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journal of visual culture

Introduction: Sonic Arts and Audio Cultures Writing about Audiovisual Culture Margaret Schedel and Andrew V. Uroskie
Sound is ever-present; auditory mediation pervades life in the digital age from soundtracks, to mobile telephones, to mp3 players. Sound indexes past times and distant places; it is texture, the unseen fabric of our environment, often lying just beyond our conscious perception. It streams across networks, interrupts spaces, and shapes private dreamscapes. Sound is produced by transcoding and translation, generated from bodies both artificial and natural, transmuted into images and objects. It is produced and reproduced, stretched and compressed, imagined and heard. This extract comes from a description of Sonic Residues, a 2008 exhibition, concert, and lecture series at Stony Brook University curated by the Consortium for Digital Art, Culture, and Technology (cDACT), an interdisciplinary group working across the Departments of Art, Music, Cultural Studies, and Computer Science. It was an effort to reflect on the relationships shaped by sonic production and reproduction, to consider the habits and processes of listening, and to develop a critical understanding of the sites and locations of sound. Raiford Guins in his own multiple identity as Associate Professor in Digital Cultural Studies and cDACT, as well as co-founder and co-principal editor of the journal of visual culture proposed that we develop the exhibition into a broader academic dialogue. Why attempt a dialogue on sound in a journal of visual culture? There is no shortage of journals devoted to contemporary music and sound art that would seem to be more appropriate. The field of visual culture studies arose in opposition to a kind of disciplinary insularity, and with Sonic Residues we sought to expand beyond the traditional boundaries of music and sound art to create new forms of sonic exploration both inside and outside the traditions of music, art history, and cultural studies. We hope this issue of journal of visual culture will promote and encourage even more cross-disciplinary scholarship.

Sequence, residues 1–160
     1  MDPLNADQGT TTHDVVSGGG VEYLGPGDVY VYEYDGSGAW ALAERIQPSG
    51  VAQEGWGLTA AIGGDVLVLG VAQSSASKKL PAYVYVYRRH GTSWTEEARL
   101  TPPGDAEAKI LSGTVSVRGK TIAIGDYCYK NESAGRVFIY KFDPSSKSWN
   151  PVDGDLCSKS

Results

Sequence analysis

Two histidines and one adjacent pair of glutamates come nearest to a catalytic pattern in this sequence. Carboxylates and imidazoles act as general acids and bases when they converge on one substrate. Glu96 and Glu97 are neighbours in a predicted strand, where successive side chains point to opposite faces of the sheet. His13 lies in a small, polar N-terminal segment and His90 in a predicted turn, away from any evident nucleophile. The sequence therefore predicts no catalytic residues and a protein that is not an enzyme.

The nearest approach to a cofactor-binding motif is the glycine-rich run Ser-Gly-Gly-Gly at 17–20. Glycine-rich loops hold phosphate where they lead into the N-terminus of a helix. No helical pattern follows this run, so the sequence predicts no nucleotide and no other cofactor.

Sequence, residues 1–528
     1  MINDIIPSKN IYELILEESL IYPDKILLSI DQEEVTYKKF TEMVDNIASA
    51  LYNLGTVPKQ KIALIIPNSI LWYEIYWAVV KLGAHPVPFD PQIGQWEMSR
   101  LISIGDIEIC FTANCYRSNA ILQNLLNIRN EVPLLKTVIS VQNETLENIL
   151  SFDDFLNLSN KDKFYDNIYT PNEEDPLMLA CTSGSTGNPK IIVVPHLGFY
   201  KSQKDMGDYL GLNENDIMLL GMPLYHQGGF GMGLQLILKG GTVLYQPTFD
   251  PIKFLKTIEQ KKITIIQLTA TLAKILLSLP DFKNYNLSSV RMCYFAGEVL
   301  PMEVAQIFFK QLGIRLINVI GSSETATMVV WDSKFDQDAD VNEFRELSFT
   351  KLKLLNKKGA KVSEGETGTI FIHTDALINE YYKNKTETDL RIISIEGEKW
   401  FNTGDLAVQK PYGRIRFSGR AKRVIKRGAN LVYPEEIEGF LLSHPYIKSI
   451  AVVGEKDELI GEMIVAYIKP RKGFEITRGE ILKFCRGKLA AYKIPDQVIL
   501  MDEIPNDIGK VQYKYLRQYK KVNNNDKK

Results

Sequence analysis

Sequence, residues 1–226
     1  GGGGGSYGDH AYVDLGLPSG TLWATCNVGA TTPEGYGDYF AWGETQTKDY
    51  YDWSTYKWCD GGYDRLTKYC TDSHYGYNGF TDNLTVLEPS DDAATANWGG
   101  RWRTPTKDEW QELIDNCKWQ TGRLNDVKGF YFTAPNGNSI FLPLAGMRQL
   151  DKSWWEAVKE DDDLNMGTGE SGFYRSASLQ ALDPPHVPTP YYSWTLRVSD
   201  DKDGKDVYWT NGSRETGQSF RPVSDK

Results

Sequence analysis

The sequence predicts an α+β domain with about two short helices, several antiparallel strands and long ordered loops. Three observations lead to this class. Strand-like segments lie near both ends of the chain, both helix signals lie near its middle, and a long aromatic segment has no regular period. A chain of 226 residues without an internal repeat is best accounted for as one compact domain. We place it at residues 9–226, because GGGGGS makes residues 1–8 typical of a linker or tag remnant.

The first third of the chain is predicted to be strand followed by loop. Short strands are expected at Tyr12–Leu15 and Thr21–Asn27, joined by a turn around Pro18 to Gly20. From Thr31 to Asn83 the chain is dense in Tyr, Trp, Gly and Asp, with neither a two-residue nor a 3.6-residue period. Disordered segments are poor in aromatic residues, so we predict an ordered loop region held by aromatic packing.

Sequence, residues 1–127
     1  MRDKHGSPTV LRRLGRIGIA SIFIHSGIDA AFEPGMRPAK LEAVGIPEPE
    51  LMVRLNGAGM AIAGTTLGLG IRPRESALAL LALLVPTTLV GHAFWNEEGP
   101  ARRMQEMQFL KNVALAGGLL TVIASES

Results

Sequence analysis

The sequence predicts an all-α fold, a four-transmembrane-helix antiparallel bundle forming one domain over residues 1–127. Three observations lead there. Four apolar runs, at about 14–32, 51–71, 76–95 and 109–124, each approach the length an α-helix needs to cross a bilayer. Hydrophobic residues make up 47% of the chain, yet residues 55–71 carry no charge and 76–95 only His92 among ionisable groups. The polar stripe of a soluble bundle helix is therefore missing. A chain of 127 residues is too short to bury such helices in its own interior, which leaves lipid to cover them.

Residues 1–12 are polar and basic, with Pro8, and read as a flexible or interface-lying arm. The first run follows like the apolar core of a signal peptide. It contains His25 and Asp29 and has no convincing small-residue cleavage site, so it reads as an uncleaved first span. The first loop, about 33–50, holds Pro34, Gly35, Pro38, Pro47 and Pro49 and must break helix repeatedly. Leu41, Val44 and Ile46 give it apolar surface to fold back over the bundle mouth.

journal of visual culture [http://vcu.sagepub.com] SAGE Publications (Los Angeles, London, New Delhi, Singapore and Washington DC) Copyright The Author(s), 2011. Reprints and permissions: http://www.sagepub.co.uk/journalspermissions.nav Vol 10(2): 18 DOI 10.1177/1470412911402879

journal of visual culture 10(2)